Datacenter Monitoring… Is It the Gold at the End of the Rainbow?

by Visitor Siggy62 on ‎11-04-2011 10:46 AM


I don't think anyone would disagree that monitoring a data center from utility input to the server is a good idea. Certainly more data is better…right? Data enables us to see where there is an issue, forecast potential failures, plan for maintenance, and ultimately calculate PUE. While I'm certain that my short list of benefits does not do the value of data justice, it does bring me to my real question… to what end are we collecting all this data?

Over the past few years we've seen a flurry of activity as companies acquire others in the monitoring space. Some even speak of monitoring and "control" (which to me has its own frightening implications… the last thing I'd want is having non-technical personnel with access to my data center controls). Others speak of open architecture, middleware, DCIM, and other fancy terms.

What I'd like to know is – what's at the core of this flurry? Who is driving all this development? Is it the true data center operators or the equipment suppliers looking for a way to differentiate themselves because they see the UPS being commoditized? I mean, let's face it… once a problem has been identified; someone still has to fix it…right? What benefit is all this fancy software when a breaker fails to trip. Ooops! Nothing replaces good, old fashioned maintenance plans, procedures and practices.

So maybe I'm missing something. I put this question to all of my data center readers...

  • What information do you want to see in a monitoring package?
  • How will you use this information or how does this information make your life easier?
  • What (if any) parts of your infrastructure do you want to control?
  • Who should have such access?
  • Where should this kind of access be available?

As you write your response, please include a little about the size of your data center so that we can appreciate your comments in the proper context.

by Visitor lcampbell
on ‎11-08-2011 10:49 AM

Lou, always a pleasure to read your blog. i maintain 2 data centers, either one being redundant. i have been factory trained by Liebert, for their ac's, and as a first responder on their UPS's. what i like about your blog is that you are not encumbered by what is going on in the servers, but you realize that without us old school techs keeping the infrastructure humming seamlessly, their virtual world cannot exist, or would definately not be running all the time. i want to know how much my data centers are drawing in amps and kw, and what percentage my support equipment is using of that. are my server racks balanced, so my heat load is evenly distributed. infrastructure access, from the service entrance to the transfer switches to the gen sets to the distribution gear, and to some extent the ups's, should be by good, caring electrical techs whose expertise keep the power flowing to energy hungry servers which, quite frankly, we know only enough about to get us in trouble. i have met some IT people who knew some about maintaining electrical infrastructure, but here anyway, realize its as big a job as what they do to maintain and monitor the servers, so they leave the neanderthal (that's what they call us) infrastructure to us.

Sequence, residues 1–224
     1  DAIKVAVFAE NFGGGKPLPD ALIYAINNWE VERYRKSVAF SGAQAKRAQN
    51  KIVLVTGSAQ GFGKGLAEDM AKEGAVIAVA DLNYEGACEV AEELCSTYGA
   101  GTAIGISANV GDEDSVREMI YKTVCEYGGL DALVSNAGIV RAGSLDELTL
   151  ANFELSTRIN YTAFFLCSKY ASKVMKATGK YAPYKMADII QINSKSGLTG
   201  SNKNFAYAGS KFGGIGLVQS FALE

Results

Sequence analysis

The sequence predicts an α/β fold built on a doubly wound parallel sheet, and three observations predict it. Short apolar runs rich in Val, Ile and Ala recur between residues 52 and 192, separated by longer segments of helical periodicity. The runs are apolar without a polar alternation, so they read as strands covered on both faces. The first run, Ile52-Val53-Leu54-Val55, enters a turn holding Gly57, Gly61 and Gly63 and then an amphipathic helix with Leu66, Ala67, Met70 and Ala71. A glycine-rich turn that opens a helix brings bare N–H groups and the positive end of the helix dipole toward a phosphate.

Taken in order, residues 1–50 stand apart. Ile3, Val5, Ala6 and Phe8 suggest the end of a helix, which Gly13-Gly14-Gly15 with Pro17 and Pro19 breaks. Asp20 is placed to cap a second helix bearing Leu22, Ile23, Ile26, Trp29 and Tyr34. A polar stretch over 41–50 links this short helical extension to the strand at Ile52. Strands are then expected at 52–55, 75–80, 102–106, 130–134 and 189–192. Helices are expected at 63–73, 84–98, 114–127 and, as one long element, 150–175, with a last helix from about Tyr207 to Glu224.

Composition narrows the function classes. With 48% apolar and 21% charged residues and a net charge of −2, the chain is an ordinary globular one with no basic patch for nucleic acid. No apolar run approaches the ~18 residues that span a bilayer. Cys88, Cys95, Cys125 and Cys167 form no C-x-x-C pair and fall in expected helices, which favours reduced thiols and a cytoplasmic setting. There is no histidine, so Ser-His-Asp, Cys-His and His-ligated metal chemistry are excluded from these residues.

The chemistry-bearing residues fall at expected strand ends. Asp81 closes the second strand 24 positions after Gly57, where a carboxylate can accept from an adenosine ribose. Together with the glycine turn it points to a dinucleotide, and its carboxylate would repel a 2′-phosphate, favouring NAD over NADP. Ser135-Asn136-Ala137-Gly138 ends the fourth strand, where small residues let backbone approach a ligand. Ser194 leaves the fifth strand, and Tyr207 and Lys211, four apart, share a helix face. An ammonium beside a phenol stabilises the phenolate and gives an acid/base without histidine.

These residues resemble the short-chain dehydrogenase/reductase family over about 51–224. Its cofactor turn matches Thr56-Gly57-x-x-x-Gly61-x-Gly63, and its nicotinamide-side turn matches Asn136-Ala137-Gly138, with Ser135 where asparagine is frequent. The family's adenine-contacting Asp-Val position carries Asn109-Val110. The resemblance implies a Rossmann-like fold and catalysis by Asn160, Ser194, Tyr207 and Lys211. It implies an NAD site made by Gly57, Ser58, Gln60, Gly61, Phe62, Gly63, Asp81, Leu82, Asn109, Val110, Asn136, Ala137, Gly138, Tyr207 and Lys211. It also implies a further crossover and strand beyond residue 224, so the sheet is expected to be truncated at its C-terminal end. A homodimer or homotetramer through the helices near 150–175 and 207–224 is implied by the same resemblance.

by Visitor KENatCPRNC
on ‎01-05-2012 08:09 AM

Good points from both! One area of great importance that is not getting enough attention is predictive maintenance/failures, meaning having the tools to assist in diagnosing potential problems before they actually occur. Yes, some DCIM products do allow alarming when assigned circuits approach threshold levels or alarm if phases start to get heavily unbalanced, but more is needed. Some products like that from EDSA can do fault simulation and examine design options as to failure analysis prior to implementation, and others such as some work order management systems (IE: FacilityOne) will bring attention to activities of maintenance and/or repair that start to occur beyond normal expectations. Most well trained and experienced "Neanderthals" (to use lcampbell's term) can spot potential areas of concern by examining increases in power demand, phase unbalances, increases in temperature, etc., but keeping watch over large sites (1000's of servers and multiple power paths) and spread over multiple geographical sites can be challenging at the least. More aids in assisting those folks would be very welcomed. The DCIM market is predicted to explode in growth over the next 3-5 years, so hopefully the vendors will do more to address the issue of predictive maintenance and not just static reporting.

BTW: Happy New Year Lou!


by Visitor muralcr
on ‎03-08-2012 05:14 AM

well i was CAT application engineer and now a MEP consultant .at least in india most of the IT end users specife 1.1kva (800 W)per 100Sqft and yet to find some one to enlighten me why 1.1Kva when i work out the Data center load it doesnt go anywhere near 600W/sqft based on inputs from end users.general comment by socalled software specialists is its beyong application engineers like me .software engineering is diffrent ball game!

by garotas de programa rj
on ‎05-22-2017 05:36 PM

best article

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